Well, the timeline informs us that it was one year ago today that we left Pagosa Springs for our very first trip to Washington State. What a trip that was
We had been evacuated from our campground hosting positions due to the 416 fire outside of Durango and there was no clear end to the fire closures in sight.
The Fearless Bus crew cleaned up Bridge Camp in the San Juan National Forest, watched ash fall from the sky, and studied the amazing orange sunsets as the fire grew larger. We worried about the campers in Durango as highways and roads were closed. We were anxious for our Ranger friends and their families. We even hosted a few Durango families as they got away from fire ravaged neighborhoods. It was so early in the season for such a devastating event.
The next concern was our area around Pagosa. One of the Forest Rangers informed us that dry lightening was a real danger. Over the weekend he had responded to more than a dozen small fires sparked by lightening.
After Bridge was closed, we headed down the mountain to last year's spot at Ute Campground. We weren't sure what our next steps were but we knew that the folks up in the Lewis River area of Washington really needed camp hosts and over the next two days the decision was made. We said goodbye to one of the most beautiful spots on this earth and pointed the bus northwest.
The first challenge was to get around Durango! We had a long, mountainous climb in hot weather as we headed west and I was afraid Old Stinkey wasn't up for the challenge. Thank goodness she made it - although the needle hovered around overheating at many points and that makes me crazy. I worry about our old girl. I hadn't thought about passing through Moab...
We made it out of Colorado and into Utah to higher gas prices (unexpected) and higher temperatures. Moab was an incredible ride - so wish we'd had a chance to stop and take some pictures. The middle of the desert was over 100 so we just made time. It was a long day driving and we approached the cities at night. Let's just say I spent more than thirty years driving in Chicago and it didn't compare to Provo and Salt Lake City drivers. We'll just leave it at that. We made it north of the city and pulled into a rest area for the night. On to Idaho.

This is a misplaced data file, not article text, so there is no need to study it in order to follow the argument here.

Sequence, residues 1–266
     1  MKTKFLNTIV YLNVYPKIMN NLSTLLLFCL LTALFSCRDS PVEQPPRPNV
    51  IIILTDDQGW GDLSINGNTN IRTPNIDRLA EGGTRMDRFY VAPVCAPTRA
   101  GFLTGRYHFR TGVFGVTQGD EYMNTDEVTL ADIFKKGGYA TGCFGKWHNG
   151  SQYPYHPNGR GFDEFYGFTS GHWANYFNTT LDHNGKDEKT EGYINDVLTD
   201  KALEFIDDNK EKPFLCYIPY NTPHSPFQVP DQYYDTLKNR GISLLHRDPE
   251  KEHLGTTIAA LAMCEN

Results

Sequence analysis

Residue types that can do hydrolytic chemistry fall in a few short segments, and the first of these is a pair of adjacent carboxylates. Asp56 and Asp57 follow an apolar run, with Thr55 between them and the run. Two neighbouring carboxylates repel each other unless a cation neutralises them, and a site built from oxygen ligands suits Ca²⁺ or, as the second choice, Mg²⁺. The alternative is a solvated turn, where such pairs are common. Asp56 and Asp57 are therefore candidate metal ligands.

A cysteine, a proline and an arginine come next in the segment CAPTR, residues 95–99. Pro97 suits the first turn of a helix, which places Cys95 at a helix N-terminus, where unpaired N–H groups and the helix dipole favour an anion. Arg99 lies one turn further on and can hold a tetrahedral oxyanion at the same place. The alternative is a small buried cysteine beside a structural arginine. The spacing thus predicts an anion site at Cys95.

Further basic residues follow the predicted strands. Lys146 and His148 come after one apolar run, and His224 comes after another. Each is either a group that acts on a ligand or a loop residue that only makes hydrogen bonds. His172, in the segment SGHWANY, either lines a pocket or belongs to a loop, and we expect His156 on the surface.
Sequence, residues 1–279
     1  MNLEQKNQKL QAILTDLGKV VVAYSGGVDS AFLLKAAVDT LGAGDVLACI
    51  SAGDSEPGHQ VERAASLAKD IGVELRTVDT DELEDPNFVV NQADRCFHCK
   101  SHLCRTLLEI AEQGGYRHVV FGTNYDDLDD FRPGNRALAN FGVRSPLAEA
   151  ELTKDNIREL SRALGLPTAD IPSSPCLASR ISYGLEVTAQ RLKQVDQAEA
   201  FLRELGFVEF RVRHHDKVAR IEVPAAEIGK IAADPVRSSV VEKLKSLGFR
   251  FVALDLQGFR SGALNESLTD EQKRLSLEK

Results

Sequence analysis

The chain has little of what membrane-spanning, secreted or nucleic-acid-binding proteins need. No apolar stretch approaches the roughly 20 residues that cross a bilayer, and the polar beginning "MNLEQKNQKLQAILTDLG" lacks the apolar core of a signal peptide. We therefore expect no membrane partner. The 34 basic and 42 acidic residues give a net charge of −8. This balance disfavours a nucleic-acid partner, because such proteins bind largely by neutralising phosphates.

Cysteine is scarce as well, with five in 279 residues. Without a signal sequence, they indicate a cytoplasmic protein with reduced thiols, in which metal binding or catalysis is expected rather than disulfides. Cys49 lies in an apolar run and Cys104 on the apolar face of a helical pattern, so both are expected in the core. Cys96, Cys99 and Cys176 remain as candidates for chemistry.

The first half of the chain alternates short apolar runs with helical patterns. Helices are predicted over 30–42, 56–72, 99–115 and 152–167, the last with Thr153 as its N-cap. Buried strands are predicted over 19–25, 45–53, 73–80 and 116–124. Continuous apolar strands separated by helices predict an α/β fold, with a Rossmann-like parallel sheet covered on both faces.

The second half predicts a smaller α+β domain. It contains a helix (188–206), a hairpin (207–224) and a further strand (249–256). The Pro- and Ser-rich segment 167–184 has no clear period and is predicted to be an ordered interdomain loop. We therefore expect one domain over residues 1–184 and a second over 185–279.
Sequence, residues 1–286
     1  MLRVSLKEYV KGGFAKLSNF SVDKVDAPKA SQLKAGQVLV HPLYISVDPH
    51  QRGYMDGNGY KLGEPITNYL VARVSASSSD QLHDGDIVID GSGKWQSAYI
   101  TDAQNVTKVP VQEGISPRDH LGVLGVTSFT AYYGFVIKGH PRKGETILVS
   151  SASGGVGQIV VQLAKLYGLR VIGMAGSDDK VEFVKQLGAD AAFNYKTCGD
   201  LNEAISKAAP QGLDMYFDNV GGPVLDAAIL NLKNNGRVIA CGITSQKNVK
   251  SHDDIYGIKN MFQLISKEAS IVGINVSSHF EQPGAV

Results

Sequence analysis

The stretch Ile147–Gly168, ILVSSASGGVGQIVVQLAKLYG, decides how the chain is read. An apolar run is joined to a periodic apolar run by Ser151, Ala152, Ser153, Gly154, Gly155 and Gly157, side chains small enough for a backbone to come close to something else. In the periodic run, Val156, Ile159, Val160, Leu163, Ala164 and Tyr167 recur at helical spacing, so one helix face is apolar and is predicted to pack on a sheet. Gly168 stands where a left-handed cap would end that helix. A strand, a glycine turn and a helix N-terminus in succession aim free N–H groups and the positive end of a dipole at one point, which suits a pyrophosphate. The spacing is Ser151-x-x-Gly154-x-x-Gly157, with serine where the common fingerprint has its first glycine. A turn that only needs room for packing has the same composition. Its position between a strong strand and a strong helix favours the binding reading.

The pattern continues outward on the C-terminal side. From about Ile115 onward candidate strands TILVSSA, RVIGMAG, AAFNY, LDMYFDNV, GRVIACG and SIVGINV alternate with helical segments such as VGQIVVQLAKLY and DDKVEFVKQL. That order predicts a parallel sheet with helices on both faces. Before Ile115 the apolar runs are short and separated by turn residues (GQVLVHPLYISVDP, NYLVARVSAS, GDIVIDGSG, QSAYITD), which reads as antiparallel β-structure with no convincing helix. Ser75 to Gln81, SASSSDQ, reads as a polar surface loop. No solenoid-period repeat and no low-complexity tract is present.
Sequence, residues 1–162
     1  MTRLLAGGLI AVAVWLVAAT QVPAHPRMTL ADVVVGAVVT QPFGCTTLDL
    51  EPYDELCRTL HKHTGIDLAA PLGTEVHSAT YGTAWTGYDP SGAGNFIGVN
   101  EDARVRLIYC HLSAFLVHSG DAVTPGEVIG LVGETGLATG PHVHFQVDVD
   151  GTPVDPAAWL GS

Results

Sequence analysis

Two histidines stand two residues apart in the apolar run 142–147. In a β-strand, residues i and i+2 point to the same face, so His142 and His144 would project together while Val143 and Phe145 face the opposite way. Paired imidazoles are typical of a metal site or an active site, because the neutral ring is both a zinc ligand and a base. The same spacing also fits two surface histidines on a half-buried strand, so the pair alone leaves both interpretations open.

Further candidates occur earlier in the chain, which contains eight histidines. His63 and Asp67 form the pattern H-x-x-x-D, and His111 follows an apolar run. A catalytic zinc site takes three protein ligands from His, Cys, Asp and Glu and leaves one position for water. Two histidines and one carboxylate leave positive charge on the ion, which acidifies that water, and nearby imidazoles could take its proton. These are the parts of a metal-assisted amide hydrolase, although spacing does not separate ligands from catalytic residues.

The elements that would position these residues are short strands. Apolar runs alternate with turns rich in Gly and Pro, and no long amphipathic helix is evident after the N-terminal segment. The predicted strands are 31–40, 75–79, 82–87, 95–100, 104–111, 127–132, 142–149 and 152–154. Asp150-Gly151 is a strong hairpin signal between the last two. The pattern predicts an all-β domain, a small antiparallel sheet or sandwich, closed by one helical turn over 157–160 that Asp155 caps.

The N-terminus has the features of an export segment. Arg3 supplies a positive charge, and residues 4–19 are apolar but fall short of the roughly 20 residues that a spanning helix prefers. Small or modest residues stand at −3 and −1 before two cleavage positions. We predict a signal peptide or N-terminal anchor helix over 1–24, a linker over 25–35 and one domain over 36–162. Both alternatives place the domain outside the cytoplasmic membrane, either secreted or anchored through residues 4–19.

I hope we never have to return to Idaho.
There is perhaps no greater view in the United States of America than the one coming to the Columbia River Gorge. Well, let me back up - we drove all day and most of the evening before setting up in an incredibly beautiful rest area in Oregon on the south side of the Columbia. We had made it over the hills and mountains further west and were coming back to lower elevation. This early part of the day, a glorious sunny day, was when we first saw that gorge! Incredible - I finally felt we had made the right decision and were going to love being in the Pacific Northwest.
With great excitement - and a little bit of vertigo - we crossed the Columbia on one of those impossible bridges and began the final climb from Carson, WA to our new home in Cougar. We had no idea what to expect. We climbed another steep and seemingly endless mountain pass through the Gifford Pinchot National Forest. This time it was the downside that was a bit scary - started smelling the heat on the brakes. We rolled downhill, past the Mt. St. Helens lookout, past the Swift Reservoir which was the first of our campgrounds, and on into Cougar, WA.
After putting a few gallons of Diesel in the tank, we headed over to Cougar Camp to meet our new Managers and co-hosts. The managers ended up being just terrific - love to Ardie and Rob! Paperwork, exhaustion, keys, and clearing the camp site and we finally got our spot and met our amazing neighbors and co-hosts for the summer, Liz, Seleana, and Dez. Looking back, we had no idea what a wonderful experience this would be and how much we would come to love our new family.
We accomplished so much last summer -we took over very challenging camp hosting positions, we made it to the Pacific Ocean, and wemet some of the greatest people we've run across in all of our travels. We did not, however, find the Sasquatch. We will be back.